Why I Took My Family on a No-Buying Journey

Our family undertook a year-long no-buying experiment, and once the word spread about what we were up to, people wanted to talk. These conversations – especially among married couples – typically began with a diagnosis of which partner was more responsible for the influx of clothes, gear or housewares. Despite some initial finger pointing, most couples came to quick consensus about which partner was the more prolific shopper. In my own brief study, the desire to acquire appeared to be gender neutral, affecting both men and women equally.

But once the goods are in the house? Ah, therein lies the difference. As we began to discuss our experiment, women would gasp and nod, lean in and listen with interest. When I referenced the storage container of empty glass vases that survived two moves without ever having been opened, I would get a chorus of amens from my sister cleaners and sorters.

No more incoming crap? Preach!

A slew of studies conducted by institutions ranging from the Pew Research Center to the American Time Use Survey document women’s responsibility for the care and maintenance of our household goods. If you’re in the mood for some serious self-pity, ladies, spend a few hours swimming around in this kind of data: according to Bureau of Labor Statistics numbers, women, on average, do 2.3 hours of housework a day as compared to men’s 1.4. In recent years, more nuanced studies have noted that while there have been some important gains made in male participation in childcare and cooking, house cleaning is left primarily to women.

The data resonates. Aside from basic surface cleaning, in my own family and those of many of my friends, it is the female head of the household who takes on the processing of our things. She is the one who combs through dresser drawers to remove ill-fitting items. She is the one who insists that a linen closet get cleaned out and threadbare towels thrown away.

It also is the female head of house who typically thinks about where and how to store everything. I can’t tell you the number of women I know who have tried the experiment of leaving something – say a sleeping bag – in the same spot on the floor where it was dropped post-sleepover. The results of this silent standoff are almost always the same: it will eventually be the mother who returns it to its rightful place.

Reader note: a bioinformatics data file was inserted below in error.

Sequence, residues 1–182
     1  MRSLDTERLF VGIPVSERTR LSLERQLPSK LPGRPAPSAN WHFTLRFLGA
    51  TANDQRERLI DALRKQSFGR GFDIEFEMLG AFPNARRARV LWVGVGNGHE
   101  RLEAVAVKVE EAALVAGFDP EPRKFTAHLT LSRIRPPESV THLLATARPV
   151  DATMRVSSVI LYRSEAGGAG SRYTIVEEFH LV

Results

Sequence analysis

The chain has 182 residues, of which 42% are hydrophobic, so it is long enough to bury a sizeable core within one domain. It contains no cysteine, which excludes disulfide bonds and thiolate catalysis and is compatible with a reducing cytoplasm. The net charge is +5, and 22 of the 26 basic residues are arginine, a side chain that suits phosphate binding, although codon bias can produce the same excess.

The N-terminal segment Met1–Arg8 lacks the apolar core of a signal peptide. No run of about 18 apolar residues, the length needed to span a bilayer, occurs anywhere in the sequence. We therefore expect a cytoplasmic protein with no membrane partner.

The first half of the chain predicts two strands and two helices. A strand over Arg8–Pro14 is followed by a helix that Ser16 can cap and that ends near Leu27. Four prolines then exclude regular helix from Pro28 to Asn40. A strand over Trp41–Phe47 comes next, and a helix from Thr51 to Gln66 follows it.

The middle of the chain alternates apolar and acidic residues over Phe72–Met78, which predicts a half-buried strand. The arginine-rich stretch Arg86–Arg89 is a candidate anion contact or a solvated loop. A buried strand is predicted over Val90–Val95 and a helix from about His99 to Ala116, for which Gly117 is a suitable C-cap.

If women are the ones who clean, sort, store and discard, the great irony is that before all that, we consume. As those tasked with keeping tabs on the household goods, we are the ones most likely to identify and fill gaps. We notice when the sleeves on our child’s raincoat have gotten short; we are the first to know when the rice cooker breaks.

I can see now that our year of no buying was my attempt to launch myself from this hamster wheel of consumption and care. If I couldn’t change what society expected of me, or what I therefore expected of myself, I could at least control how much I felt responsible for. Sure, we still had lots of stuff to manage, but the fact that we were not adding to that amount relieved a great deal of stress.

In my house, I am the primary custodian of the things we own, and I mean this in both senses of the word. I am the caretaker. And, as with anything that is in my custody – children, dog, tortoise, tea kettle – I am constantly attending to its overall well-being. I am also my family’s custodian in the other sense, the janitorial one.

For a host of complicated reasons that I am not sure any of us in my family understand or could easily articulate, I am the person charged with cleaning and maintaining our space. Extend the logic of either one of these roles to the thousands of objects in our home, and you will understand why I wanted less.

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This article was featured in Chicago Parent’s March/April 2021 magazine


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